Cricket has always been a game that embraces tradition. It’s what endears itself to its faithful followers and quite frankly alienates itself from those who don’t enjoy the game.
One of the ECB’s missions over the last few years, aside from winning a trophy (the name of which slips my mind), has been to get the general public re-engaged in the sport. We’re often told that amateur cricket is dying and that watching cricket is both not enjoyable and not possible since the game moved largely behind the paywall. Efforts to revitalise the game include programmes like All Stars cricket, a fun introduction to cricket for five-to-eight year olds, at grassroots level and initiatives to pack out crowds at international and domestic fixtures over the past few years.
It has been the razzmatazz of white-ball cricket that has invited those who previously felt shunned by the game to dip their toe into the water. The impact on the game’s audience has been remarkable with more fans flocking to watch the game, shown by both Surrey and Sussex selling out all but one of their home game’s during the group stages of their respective T20 Blast campaigns, and more watching the game on TV. The Guardian’s Ali Martin reports that the Cricket World Cup final, shared by Sky and Channel 4, peaked at 8.92m unique viewers in the UK, beating the previous record from the 2005 Ashes series which was shown on terrestrial TV. Of course, a home World Cup which ended in success in the most dramatic of manners has been the biggest driving force in catapulting cricket back into the public eye.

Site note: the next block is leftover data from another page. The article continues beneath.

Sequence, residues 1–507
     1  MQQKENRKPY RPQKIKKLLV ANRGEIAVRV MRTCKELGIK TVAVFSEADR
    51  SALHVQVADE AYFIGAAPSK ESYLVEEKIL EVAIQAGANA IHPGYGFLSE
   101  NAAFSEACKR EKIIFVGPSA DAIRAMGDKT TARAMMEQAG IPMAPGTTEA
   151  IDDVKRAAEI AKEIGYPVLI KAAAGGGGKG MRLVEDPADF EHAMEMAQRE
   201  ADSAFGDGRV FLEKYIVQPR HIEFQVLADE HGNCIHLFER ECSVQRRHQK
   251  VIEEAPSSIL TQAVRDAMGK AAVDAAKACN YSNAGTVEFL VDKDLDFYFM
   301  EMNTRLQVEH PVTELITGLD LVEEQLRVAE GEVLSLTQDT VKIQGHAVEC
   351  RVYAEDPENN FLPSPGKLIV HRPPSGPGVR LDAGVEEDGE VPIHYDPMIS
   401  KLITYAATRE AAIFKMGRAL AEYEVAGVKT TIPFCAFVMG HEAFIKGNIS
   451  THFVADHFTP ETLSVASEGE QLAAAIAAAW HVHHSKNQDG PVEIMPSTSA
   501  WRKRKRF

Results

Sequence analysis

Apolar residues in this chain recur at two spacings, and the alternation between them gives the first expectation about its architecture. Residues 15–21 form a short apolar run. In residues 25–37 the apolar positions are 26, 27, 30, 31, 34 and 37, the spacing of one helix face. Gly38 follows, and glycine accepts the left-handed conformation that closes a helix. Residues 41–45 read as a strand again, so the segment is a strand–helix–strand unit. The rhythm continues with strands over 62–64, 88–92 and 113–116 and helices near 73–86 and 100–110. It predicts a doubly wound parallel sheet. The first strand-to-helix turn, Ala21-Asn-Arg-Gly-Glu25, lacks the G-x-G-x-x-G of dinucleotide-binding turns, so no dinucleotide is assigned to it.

Those newbies that have been going to games have been impressed too. Not just by the standard of cricket on show (in fact, it would be naïve to say that was the main reason) but by the whole experience of going to cricket with the drinking, eating and singing that often accompanies it. That cocktail might upset the stomachs of staunch purists who believe the game’s values of respect and gentility are not just calcified in the rules on the field but also off it. Cricket fans have never liked being labelled as customers, as so often their football following counterparts are, because, in the most simple terms, it is just not cricket. But increasingly so, this is becoming the case.
But in the game’s attempt to appeal to the masses, to drive participation and put cricket back in the public eye (although many will tell you it never left), the type of fan that enjoys cricket has inevitably changed. In actuality, ‘change’ is the wrong term, one that gives an excuse for those who ‘enjoy the game just how it is’ to criticise the direction that both cricket and its supporters have evolved in.
Evolution is not always a bad thing either; in fact, cricket probably did need it. The answer as to whether the game’s governing body have gone about this in the right way is for another time (a la The Hundred) but in changing the how the game is viewed, the viewer was naturally going to change too.
This summer’s Ashes series has had a very different tone to usual. Not because the ‘tough’ Aussie’s have sacrificed some of their traditional grit in favour of ‘the spirit of the game’, as evidenced by David Warner keeping relatively shtum during the series – although we probably have Stuart Broad to thank for that. Whilst the action on the pitch has been as volatile, hostile and entertaining as any recent Ashes series, the atmosphere in the grounds themselves has been markedly different.